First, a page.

Ehrenreich, who steps in Harrison Ford's shoes to play young Han Solo, told Esquire that a report that the cast and crew applauded the firing of directors Phil Lord and Christopher Miller was untrue.
"That's bulls---," Ehrenreich said. "For a crew to do that would mean they hated [Lord and Miller], which was not by any stretch the case."
The actor defended the directors, who were replaced by Ron Howard, saying they merely had a different style, one that was ultimately too improvisational for Lucasfilm.
"That was yielding a different movie than the other factions wanted," he said. "I knew what I was doing, but in terms of what that adds up to, you're so in the dark as an actor. You don't know what it's shaping up to be, how they're editing it, so it's kind of impossible without having seen those things to know what the difference [of opinion] was, or exactly what created those differences."
Changing a director in the middle of production is unheard of, but Ehrenreich's trepidation was soon relieved by Howard's morale-boosting professionalism.
"He knew how to navigate a tricky situation, and almost from the first or second day everybody pretty quickly recharged and got excited again about the movie," he said.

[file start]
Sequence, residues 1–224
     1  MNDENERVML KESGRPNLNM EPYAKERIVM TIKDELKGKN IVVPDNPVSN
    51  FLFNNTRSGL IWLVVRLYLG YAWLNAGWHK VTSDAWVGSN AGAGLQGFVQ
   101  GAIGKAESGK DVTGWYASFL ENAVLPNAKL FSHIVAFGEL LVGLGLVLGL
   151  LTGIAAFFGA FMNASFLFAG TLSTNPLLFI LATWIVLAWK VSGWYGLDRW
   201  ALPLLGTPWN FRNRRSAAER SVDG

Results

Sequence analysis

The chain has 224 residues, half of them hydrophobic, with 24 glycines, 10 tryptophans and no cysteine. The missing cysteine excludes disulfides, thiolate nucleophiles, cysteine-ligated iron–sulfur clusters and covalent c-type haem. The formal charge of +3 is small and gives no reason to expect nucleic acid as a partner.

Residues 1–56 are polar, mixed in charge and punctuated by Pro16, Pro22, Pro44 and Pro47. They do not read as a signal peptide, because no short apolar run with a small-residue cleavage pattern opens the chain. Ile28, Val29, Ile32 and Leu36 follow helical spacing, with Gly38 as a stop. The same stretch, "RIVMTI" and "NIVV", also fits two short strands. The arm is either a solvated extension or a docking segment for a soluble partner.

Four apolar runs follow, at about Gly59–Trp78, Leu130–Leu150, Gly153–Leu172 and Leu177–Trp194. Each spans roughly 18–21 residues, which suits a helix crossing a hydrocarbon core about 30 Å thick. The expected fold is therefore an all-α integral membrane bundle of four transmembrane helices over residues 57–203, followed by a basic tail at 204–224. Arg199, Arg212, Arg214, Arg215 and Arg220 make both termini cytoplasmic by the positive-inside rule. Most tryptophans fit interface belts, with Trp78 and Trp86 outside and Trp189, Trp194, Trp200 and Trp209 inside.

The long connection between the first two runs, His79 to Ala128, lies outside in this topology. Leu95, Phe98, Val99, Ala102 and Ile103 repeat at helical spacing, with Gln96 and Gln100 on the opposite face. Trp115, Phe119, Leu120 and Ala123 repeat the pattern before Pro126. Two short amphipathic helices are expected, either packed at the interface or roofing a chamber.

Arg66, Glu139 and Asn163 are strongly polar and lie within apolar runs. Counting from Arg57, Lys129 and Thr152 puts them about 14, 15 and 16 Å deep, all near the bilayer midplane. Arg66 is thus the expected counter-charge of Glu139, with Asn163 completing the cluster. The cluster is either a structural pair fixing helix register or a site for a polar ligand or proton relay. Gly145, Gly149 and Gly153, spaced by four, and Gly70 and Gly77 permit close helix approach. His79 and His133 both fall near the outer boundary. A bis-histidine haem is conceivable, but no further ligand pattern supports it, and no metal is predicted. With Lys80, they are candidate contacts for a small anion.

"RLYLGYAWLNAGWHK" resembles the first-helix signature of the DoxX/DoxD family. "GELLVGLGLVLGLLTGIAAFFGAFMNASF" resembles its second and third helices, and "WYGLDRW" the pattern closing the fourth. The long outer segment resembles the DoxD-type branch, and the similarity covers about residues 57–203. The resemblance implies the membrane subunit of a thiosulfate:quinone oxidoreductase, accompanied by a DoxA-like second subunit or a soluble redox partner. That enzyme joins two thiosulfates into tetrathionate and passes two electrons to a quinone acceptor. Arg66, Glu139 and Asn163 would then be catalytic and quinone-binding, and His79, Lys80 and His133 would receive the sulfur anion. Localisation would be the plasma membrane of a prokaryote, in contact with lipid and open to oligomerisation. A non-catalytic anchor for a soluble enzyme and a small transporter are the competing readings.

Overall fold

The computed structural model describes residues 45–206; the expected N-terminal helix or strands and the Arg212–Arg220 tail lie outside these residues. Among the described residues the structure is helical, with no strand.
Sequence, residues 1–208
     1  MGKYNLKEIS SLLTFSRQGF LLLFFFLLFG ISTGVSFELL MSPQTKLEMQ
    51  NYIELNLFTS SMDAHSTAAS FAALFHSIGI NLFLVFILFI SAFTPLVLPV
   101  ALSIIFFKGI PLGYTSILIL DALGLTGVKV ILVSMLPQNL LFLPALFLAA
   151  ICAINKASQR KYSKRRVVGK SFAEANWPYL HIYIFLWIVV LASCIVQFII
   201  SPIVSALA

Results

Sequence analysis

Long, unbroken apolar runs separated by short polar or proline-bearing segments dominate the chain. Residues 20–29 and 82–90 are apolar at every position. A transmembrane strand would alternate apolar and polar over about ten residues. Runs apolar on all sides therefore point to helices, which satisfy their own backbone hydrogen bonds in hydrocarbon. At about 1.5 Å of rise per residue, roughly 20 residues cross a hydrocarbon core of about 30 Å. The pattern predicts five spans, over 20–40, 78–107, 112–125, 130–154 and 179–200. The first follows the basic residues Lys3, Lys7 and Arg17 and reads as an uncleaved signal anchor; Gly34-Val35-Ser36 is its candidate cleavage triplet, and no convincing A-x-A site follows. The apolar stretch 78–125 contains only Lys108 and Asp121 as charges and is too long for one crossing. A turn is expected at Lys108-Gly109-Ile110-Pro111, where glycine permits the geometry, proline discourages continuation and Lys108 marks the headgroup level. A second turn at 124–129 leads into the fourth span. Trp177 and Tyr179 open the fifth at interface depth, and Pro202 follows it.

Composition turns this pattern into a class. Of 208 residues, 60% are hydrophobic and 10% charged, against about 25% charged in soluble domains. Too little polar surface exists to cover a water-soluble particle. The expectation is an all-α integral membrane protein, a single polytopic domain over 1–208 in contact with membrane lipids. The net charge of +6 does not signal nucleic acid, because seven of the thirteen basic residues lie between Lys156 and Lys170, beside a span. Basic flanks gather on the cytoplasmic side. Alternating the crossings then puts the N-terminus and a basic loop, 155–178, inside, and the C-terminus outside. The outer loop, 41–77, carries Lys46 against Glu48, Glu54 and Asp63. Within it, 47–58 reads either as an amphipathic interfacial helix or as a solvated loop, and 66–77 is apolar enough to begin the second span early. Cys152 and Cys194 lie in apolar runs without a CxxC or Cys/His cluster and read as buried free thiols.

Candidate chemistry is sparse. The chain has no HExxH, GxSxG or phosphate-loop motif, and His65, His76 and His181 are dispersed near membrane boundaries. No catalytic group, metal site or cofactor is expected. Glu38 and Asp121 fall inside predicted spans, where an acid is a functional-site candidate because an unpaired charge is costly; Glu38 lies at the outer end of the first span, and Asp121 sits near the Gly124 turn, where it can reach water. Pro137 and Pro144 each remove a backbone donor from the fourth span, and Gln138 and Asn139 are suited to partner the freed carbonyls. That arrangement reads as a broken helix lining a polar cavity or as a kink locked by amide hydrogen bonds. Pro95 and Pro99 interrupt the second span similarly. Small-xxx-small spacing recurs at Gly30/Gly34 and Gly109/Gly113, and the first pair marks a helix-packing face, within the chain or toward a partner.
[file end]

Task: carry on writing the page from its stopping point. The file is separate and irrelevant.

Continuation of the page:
And it may not be the actor's last as Han Solo. Ehrenreich revealed that he signed on for three movies.
"I don't know if that's officially, uh, public," he said.
Of course, a three-picture deal is pretty standard; "Rogue One" star Felicity Jones also signed on for three movies.
"Solo: A Star Wars Story" opens in theaters May 25.
Young Han Solo finds adventure when he joins a gang of galactic smugglers, including a 196-year-old Wookie named Chewbacca. Indebted to the gangster Dryden Vos, the crew devises a daring plan to travel to the mining planet Kessel to steal a batch of valuable coaxium. In need of a fast ship, Solo meets Lando Calrissian, the suave owner of the perfect vessel for the dangerous mission -- the Millennium Falcon. Read More